What it Means to Be an Ally

June 22, 2016

Hours after a self-radicalized Islamic extremist massacred gay patrons of a lesbian, gay, bisexual and transgender (LGBT) nightclub in Florida, ADL regional offices reached out to support afflicted communities nationwide.

They organized and called for unity at vigils, marched in LGBT pride parades, advised potential targets about security, and shared information about hate crimes, terrorism, extremism, the role of guns and empowering children in the wake of violence. To prevent more violence, they helped bring different communities together and educated against bias.

Here are just a few highlights of this remarkable outpouring:

In Denver, ADL Regional Director Scott Levin helped conceive and organize a vigil at Tracks, the city’s largest LGBT nightclub, where ADL Regional Board Member Andrew Feinstein is a managing partner. The event was attended by more than 1,500 people, including members of the LGBT and Muslim communities, representatives of the governor’s office, Denver Mayor Michael Hancock and Sen. Michael Bennet (D-CO). “This is about resilience, the ability of people to stand up to hatred,” Mr. Levin told the crowd. He also implored them to work together to improve the world.

Los Angeles is not far from San Bernardino—the site of another mass shooting by self-radicalized Islamic extremists in December 2015. Concerned that anti-Muslim bias could hinder their employees’ abilities to work with Muslims and remain neutral in a crisis, the American Red Cross of LA called ADL’s LA office after Orlando to ask for anti-bias training.

Twenty-four hours later, A WORLD OF DIFFERENCE® Institute Project Director David Reynolds delivered a wide-ranging presentation to more than 60 Red Cross workers. It included ADL’s Pyramid of Hate and how lower-level expressions of bias can escalate into much more serious behavior; the definition of hate crime; ADL research about growing extremist violence in the U.S. and the use of firearms; and the importance of creating inclusive schools to prevent extremism in the future.

The LGBT community and the press turned out when ADL Israel hosted a solidarity event with Aguda, the Israeli LGBT Association, at a gay nightclub in Tel Aviv. Keith Mines, the Deputy Chief of Mission at the U.S. Embassy in Israel, told the crowd there is a “strong bond” between the LGBT communities in the two countries and that, “In good times and bad times, we are together.” Said ADL Israel Director Carole Nuriel, who also spoke, “We felt that the embrace we gave to the LGBT community in Israel was much appreciated, as any attack against an LGBT community in the world creates anxiety, and there is a need for public support.”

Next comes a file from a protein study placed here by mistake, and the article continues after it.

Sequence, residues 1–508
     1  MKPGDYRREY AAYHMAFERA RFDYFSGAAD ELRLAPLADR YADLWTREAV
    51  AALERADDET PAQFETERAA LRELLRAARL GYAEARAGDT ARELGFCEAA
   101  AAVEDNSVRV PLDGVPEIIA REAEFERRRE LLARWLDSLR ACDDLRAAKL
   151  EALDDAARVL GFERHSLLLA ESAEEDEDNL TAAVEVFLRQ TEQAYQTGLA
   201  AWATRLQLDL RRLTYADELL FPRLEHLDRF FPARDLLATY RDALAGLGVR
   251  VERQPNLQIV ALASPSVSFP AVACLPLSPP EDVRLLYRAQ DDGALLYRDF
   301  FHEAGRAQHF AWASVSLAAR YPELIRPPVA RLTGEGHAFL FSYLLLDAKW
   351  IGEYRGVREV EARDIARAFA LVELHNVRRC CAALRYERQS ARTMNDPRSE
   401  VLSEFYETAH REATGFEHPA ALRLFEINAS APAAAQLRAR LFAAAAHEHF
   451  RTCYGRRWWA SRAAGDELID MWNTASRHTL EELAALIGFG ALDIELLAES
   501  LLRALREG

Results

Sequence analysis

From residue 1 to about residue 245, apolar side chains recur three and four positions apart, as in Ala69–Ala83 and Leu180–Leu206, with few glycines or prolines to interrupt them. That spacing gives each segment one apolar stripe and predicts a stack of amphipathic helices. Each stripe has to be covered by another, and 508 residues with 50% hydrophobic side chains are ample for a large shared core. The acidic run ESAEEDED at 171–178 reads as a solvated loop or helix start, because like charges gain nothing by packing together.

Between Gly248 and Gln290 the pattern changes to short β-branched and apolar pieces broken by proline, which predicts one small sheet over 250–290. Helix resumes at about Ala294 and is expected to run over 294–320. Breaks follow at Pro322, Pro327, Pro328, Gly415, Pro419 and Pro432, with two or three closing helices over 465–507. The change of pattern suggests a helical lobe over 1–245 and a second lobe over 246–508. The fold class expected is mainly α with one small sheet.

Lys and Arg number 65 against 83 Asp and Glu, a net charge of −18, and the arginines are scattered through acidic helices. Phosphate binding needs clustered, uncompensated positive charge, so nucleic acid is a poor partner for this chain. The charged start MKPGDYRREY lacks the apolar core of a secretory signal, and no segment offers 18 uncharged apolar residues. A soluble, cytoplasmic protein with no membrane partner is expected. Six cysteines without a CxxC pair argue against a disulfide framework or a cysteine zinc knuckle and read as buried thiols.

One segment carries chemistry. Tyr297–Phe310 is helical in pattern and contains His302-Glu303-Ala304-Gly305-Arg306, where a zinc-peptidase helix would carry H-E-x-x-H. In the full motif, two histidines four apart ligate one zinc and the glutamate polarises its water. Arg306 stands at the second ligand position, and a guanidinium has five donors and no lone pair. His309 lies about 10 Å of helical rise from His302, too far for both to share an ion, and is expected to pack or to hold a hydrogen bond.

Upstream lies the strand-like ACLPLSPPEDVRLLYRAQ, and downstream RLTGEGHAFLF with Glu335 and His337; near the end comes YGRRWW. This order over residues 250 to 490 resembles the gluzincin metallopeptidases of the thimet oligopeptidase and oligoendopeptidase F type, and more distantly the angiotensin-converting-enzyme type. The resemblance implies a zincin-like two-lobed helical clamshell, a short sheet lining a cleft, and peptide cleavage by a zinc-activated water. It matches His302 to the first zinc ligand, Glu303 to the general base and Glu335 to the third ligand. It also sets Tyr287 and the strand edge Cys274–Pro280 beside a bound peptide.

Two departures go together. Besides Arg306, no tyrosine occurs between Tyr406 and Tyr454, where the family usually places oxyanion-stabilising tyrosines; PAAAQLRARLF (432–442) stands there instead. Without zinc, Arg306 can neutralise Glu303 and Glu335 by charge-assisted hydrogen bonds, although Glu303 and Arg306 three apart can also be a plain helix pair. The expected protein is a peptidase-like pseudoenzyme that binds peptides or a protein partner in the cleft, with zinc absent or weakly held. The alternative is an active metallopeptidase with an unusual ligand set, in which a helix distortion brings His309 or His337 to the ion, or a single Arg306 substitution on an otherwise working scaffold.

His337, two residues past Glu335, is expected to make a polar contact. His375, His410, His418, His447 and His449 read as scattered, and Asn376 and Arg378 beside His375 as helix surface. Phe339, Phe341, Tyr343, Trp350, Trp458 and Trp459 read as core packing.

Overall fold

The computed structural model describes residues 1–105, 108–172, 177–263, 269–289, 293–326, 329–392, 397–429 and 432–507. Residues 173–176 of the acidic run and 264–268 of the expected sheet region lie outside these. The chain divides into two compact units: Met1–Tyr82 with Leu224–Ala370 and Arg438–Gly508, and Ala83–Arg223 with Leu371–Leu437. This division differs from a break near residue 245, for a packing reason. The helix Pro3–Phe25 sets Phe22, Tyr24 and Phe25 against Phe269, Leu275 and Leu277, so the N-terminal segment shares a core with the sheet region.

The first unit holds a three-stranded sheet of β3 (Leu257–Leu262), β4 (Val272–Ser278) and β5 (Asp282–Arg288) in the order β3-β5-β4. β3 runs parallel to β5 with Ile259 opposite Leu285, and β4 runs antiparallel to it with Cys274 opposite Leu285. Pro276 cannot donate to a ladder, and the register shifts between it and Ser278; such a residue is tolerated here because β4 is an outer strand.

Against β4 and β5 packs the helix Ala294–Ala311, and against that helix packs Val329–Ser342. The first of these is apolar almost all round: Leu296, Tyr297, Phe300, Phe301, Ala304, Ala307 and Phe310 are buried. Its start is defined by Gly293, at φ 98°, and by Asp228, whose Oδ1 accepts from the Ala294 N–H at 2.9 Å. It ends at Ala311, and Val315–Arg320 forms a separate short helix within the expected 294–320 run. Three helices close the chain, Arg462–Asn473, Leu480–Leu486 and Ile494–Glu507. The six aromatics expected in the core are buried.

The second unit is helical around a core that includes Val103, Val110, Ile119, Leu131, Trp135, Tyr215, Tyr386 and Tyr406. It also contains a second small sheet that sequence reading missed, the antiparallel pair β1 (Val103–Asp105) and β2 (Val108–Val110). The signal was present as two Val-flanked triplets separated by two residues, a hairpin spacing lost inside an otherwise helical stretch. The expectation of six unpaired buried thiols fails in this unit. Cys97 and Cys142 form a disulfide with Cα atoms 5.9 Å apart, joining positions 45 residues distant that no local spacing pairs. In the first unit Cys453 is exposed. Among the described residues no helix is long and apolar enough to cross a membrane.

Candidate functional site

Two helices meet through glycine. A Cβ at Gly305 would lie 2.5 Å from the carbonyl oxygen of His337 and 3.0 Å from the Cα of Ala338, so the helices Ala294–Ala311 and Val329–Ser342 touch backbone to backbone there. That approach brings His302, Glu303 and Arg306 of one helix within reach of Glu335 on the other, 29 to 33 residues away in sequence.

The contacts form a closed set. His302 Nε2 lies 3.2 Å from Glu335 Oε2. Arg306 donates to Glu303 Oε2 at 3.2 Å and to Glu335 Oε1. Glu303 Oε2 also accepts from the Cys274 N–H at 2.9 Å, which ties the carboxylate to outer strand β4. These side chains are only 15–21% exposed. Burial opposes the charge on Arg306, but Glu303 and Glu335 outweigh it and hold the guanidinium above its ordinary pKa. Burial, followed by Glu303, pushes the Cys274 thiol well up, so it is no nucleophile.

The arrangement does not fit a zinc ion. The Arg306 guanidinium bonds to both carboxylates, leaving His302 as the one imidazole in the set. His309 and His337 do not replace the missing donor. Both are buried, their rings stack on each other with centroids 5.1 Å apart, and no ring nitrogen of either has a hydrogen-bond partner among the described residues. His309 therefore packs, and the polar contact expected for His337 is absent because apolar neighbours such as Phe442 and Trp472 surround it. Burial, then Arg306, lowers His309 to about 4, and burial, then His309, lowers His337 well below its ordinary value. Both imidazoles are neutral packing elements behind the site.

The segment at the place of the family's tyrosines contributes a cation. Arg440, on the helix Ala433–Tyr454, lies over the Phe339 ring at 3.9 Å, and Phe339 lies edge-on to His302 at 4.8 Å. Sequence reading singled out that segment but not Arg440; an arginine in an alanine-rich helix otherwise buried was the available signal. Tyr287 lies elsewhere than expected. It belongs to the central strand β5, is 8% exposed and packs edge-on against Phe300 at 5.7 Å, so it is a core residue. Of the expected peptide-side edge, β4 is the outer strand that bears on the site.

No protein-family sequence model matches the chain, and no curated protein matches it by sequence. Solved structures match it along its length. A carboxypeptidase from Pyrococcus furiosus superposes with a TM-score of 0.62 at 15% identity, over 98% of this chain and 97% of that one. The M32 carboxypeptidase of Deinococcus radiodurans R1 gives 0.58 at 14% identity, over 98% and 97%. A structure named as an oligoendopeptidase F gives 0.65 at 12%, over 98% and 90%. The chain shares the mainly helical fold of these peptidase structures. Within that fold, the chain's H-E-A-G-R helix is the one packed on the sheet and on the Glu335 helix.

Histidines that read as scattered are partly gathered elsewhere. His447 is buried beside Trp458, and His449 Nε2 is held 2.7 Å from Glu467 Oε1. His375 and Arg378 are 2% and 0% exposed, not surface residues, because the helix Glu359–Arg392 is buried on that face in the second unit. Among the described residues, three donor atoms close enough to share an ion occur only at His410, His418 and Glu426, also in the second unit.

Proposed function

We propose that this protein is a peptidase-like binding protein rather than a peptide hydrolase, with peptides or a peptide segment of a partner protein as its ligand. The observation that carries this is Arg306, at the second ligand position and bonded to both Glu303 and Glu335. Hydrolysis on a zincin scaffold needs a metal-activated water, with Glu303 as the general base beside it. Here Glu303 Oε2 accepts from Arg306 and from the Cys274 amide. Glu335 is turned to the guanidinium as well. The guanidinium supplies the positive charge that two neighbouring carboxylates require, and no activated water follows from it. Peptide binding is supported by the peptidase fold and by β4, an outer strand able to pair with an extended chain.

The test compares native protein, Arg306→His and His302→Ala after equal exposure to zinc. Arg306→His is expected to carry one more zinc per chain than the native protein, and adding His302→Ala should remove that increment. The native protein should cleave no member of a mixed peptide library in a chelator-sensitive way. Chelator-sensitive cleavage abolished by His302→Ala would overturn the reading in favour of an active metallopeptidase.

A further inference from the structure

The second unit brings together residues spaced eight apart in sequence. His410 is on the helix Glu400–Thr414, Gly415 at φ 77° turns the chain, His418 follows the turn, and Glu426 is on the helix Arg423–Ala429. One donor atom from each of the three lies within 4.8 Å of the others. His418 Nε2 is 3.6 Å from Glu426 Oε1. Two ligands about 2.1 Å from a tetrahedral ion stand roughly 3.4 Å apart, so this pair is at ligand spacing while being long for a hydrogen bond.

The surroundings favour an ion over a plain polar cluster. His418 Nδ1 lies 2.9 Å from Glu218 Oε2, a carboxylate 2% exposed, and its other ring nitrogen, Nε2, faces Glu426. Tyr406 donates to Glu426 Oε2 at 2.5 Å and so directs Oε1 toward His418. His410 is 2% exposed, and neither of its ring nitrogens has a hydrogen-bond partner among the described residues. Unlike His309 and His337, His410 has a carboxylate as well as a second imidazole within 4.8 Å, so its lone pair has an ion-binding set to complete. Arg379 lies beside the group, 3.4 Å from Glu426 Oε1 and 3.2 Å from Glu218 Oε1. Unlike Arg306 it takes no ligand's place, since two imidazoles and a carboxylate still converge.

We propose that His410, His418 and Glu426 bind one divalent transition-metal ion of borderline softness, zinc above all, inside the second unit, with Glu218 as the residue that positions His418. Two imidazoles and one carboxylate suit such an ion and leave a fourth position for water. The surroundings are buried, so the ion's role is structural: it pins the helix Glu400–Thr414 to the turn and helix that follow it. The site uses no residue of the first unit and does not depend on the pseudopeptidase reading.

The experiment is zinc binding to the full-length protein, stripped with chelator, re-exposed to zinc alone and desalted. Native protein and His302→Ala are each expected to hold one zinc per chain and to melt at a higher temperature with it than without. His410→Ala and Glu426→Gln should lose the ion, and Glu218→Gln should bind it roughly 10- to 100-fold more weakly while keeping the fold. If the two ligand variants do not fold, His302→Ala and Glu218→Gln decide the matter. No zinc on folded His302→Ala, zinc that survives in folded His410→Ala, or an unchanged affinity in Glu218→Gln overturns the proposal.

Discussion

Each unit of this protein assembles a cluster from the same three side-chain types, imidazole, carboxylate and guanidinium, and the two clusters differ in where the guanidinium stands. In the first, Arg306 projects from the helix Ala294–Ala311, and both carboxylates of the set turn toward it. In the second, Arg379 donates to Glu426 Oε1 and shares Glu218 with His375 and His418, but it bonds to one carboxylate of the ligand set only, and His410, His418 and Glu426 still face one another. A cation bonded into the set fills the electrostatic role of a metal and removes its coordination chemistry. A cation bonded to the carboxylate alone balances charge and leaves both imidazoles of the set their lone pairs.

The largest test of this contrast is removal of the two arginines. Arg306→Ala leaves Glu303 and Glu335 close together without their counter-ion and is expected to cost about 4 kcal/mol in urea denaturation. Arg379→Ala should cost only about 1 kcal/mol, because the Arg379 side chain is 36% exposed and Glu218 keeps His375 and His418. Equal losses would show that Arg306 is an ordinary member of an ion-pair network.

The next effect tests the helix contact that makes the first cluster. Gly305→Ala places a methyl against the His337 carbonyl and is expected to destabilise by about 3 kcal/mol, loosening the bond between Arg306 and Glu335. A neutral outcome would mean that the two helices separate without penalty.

The focus of memorials, vigils and action in the aftermath of the attack was, of course, Florida. ADL’s Florida staff and lay leaders participated in more than 25 events around the state. “We have the expertise in dealing with these kinds of incidents, and are now relied upon as a resource and ally for the community—both reactively when incidents occur, and proactively—to enhance security, advocate for the protection of all and stop hate before it starts,” said ADL Florida Regional Director Hava L. Holzhauer.

Speaking alongside multiple Members of the U.S. House of Representatives, the Broward County State Attorney, LGBT leaders and civil rights leaders at a large vigil in Ft. Lauderdale, Ms. Holzhauer said: “The most important reason we are together today is to lift each other up…to do something brave that makes our country, our community, stronger in its inclusiveness, its openness, its tolerance, its shared values of love and kindness…and to resolve to find ways that can make our country more secure…to resolve to find the ways which stifle—better yet—which smother racism, homophobia and this death- and devastation-causing virus we know as hate.”